As a child, I was horse mad. I lived and breathed horses and riding. I knew all about their care, their tack and their ailments. My greatest wish was for a horse of my own. Growing up on an inner city council estate, I was regularly brought back down to earth with the pronouncement that you can’t keep a horse in a green house. However, I was indulged to the point of having riding lessons during my early teenage years. The school I went to was very good. It instilled a full education on horsemanship and horse care. None of this turning up to have your tacked pony brought out for you, Oh no, we had to catch them or get them up, brush them down, check their hooves and tack them up ourselves. No mean feat for 12 year olds dealing with the most savvy, sly and workshy school ponies ever. But we loved it.
My heroes at the time were the british show jumpers David Broome and Nick Skelton. Harvey Smith was flying high at the time too but was frowned upon by my family for his bullish attitude, rude gestures and, what we perceived to be, rough handling of his horses. He was also not forgiven for always being on the programme at our local show, where each year there was a Tannoy announcement saying he’d broken down enroute (and then we’d arrive home to see him busy jumping at Hickstead). The poor man was probably oblivious to his eagerly anticipated arrival at a local county show in Nottingham!
I was always fascinated by the military outfits and no hard hats of the Irish team at international events. Such glamour! So, I was both intrigued and delighted to be given an opportunity to read and review a book of the story of William (Billy) Ringrose and the growth of Irish success at showjumping on the international circuit from its beginnings to recent times.
The book, simply titled, Billy Ringrose, a memoir of my father is written and self published by his third son, Fergal. The history is built from interviews with Billy and his wife Joan, along with insights from colleagues and friends and from research in the archives held by the Army Equitation School and from press coverage at the time. Billy comes across as a reserved, self-effacing man, who saw the great triumphs of his career as just doing his job. They were spectacular wins. In 1961, he was presented with the Grand Prix de Monaco by Princess Grace and the Grand Prix de Roma by Queen Elizabeth II. He is the only man to have won the Aga Khan Cupas a rider, as the Irish Chef D’Equipe and then as President of the RDS. What could be said to be most amazing is that Billy had never had a riding lesson before he joined the Army!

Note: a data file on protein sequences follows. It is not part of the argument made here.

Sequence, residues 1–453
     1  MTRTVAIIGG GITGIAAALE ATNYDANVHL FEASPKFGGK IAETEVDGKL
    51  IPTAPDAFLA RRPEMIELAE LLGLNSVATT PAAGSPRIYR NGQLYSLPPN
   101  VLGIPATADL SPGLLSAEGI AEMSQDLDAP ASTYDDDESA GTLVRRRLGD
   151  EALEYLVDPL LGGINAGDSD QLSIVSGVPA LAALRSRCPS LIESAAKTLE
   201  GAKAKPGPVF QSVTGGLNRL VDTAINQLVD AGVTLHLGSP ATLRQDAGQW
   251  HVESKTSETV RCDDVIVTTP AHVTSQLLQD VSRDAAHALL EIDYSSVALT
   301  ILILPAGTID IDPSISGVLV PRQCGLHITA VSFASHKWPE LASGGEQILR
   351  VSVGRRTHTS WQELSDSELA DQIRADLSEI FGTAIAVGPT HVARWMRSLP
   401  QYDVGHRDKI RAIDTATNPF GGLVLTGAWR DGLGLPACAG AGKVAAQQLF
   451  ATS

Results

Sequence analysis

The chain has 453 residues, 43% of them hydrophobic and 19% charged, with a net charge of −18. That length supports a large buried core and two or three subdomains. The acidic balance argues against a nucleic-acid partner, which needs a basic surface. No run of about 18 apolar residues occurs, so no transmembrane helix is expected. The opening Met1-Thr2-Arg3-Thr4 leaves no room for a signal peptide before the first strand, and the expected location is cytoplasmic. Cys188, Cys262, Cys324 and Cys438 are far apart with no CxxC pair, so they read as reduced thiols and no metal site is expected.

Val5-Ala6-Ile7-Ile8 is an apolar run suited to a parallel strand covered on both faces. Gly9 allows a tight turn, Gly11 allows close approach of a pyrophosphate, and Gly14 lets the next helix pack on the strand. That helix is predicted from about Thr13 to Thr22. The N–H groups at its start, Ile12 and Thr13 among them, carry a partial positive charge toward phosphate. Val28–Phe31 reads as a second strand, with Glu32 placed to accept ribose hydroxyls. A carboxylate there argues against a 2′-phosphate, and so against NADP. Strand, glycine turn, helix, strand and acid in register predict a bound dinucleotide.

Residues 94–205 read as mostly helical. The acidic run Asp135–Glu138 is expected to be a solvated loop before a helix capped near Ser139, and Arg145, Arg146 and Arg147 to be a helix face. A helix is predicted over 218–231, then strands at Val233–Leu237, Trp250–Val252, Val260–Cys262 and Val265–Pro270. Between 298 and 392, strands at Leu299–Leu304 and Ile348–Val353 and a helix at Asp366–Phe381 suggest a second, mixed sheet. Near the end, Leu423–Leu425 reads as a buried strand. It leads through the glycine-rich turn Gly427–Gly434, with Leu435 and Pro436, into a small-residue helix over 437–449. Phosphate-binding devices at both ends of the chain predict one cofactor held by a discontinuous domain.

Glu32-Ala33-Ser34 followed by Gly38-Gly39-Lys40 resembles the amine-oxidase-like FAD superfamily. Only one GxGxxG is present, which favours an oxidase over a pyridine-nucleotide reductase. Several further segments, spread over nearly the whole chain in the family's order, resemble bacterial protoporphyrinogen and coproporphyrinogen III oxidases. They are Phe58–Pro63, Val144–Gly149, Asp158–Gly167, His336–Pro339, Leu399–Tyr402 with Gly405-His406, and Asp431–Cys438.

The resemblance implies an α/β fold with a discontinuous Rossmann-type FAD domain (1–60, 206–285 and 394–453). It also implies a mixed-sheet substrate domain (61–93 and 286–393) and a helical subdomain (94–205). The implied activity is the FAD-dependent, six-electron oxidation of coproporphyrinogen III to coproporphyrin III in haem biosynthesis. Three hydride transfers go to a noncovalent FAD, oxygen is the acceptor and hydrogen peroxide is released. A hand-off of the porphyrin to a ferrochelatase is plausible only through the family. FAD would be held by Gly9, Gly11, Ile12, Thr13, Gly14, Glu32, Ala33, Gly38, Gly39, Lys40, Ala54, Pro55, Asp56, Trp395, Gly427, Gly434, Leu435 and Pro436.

This is also a history of the development of the Army Equitation School. It was realised that Ireland needed a way to advertise its equine bloodstock trade internationally and the best way was to compete and win showjumping events at international level. Cadets were recruited based on athleticism in other sports, rather than coming up via the ranks of pony club and local shows like in Britain, where the team wasn’t army based, and for a while all cadets made their way through the school in an effort to identify those with the correct combination of fearlessness and skills. At the same time the supply of horses was limited and variable depending on political goodwill, so the Irish army spent a lot of time competing with inferior horses to other nations such as the Germans who dominated the sport. The Irish had a different tactic in selection and training of riders. Which gradually paid off.
Billy was an inspiration to younger riders. He is well regarded by his colleagues. It was interesting to read of politics at work and his sideways move to a department he knew nothing about and how others were promoted without doing the necessary training depending rather on who they knew. Nothing much changes! Billy did get returned to the post of CO of the equitation school. On retirement from this position he went on the horse purchase board and the RDS horse show committee before being elected President of the RDS.
This is Irish Author Fergal Ringrose’s (@fergalwilliam) first book. After gaining a BA from
Dublin City University and an MA from California State University both in Communication Studies he has worked as an editor and journalist in Business publishing for the television broadcast production sector.
This is a very detailed account of a full and interesting career. Interesting, not only from the point of Billy’s personal achievements but also the advances and success achieved by the Army equitation school, during Billy’s tenure.
It is a book which would appeal to those interested in Irish history, as well as those with an interest in equestrian matters. The photographs are a lovely addition and the press reports give a real sense of the time. This is at times, a very moving and personal account of the life of a man who should really be more famous here and abroad. He’d probably be surprised to hear me say that as he appears to be modest to the point of denial! I would love to hear an abridged version of this memoir on audiobook, maybe with some of the actual voices. It would also make an ideal project for RTE Radio’s Documentary on One around Dublin Horse Show time.
Reviewed by: Georgina Murphy